No, DeepStar Six, isn’t the latest Ultramarionation feature from Jamie Anderson, but a undersea horror movie from Sean Cunningham (Friday the 13th) that was followed in quick succession by George P. Cosmatos’ Leviathan, and culminated five months later in James Cameron’s far superior The Abyss.

DeepStar Six revolves around a US Navy mission to place an undersea missile sled on the ocean floor; an action that only makes sense when you take into account that the United States was approaching the end of the Cold War with the Soviet Union.

Dr. Van Gelder (Marius Weyers) is there to ensure that the missile platform is built before they leave the base, the time for which is rapidly approaching.

Unfortunately, the project is behind schedule, so he’s doesn’t have time to putter about.

The area where he choose to place the sled is suspected of having caverns underneath it, which Scarpelli (Nia Peoples) wants to take time to explore, though Dr. Gelder isn’t interested.  Sure, properly surveying the area could have saved them quite a bit of trouble, but what specialist worth their salt let’s safety concerns trump completing a project on time.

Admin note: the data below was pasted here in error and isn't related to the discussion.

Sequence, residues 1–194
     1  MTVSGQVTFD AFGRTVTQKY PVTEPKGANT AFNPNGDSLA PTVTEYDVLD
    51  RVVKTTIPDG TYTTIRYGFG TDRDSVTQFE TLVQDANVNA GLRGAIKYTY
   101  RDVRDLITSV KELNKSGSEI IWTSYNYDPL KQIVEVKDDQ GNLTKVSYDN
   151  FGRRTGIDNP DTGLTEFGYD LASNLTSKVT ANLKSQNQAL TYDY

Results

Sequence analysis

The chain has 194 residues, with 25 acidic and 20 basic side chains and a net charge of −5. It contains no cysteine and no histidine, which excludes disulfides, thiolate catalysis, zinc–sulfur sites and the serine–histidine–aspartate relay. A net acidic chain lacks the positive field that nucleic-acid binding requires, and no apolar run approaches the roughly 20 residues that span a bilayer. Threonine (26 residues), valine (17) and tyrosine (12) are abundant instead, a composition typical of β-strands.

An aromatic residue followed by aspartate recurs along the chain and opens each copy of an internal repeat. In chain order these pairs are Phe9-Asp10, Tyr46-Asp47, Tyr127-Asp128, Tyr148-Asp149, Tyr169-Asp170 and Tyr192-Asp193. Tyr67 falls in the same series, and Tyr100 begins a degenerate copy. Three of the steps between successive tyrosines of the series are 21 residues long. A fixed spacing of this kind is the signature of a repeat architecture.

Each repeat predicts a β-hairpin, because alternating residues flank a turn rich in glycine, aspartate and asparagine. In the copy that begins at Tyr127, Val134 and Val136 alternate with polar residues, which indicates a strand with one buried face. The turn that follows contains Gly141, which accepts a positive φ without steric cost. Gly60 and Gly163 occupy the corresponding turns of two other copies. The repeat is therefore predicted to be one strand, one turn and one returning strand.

Which shouldn’t be a surprise considering one of their own crew, Snyder (Miguel Ferrer, who if James Spader was unavailable to play Ultron in the upcoming The Avengers: Age of Ultron, should have been on speed dial) is fraying at the seams and should have been evacuated to the surface weeks ago.

And speaking of Ferrer, he’s easily the most convincing character in the entire movie which is why it’s such a pity that he so explosively loses it toward the end.

Another awesome addition to the movie is someone whom you never see, but who’s presence is felt throughout the entire movie, and that’s the awesome score by Harry Manfredini (who’s theme for War Of The Worlds: The Second Invasion has to be one of the best television themes EVER.

Seriously.  It’s that good.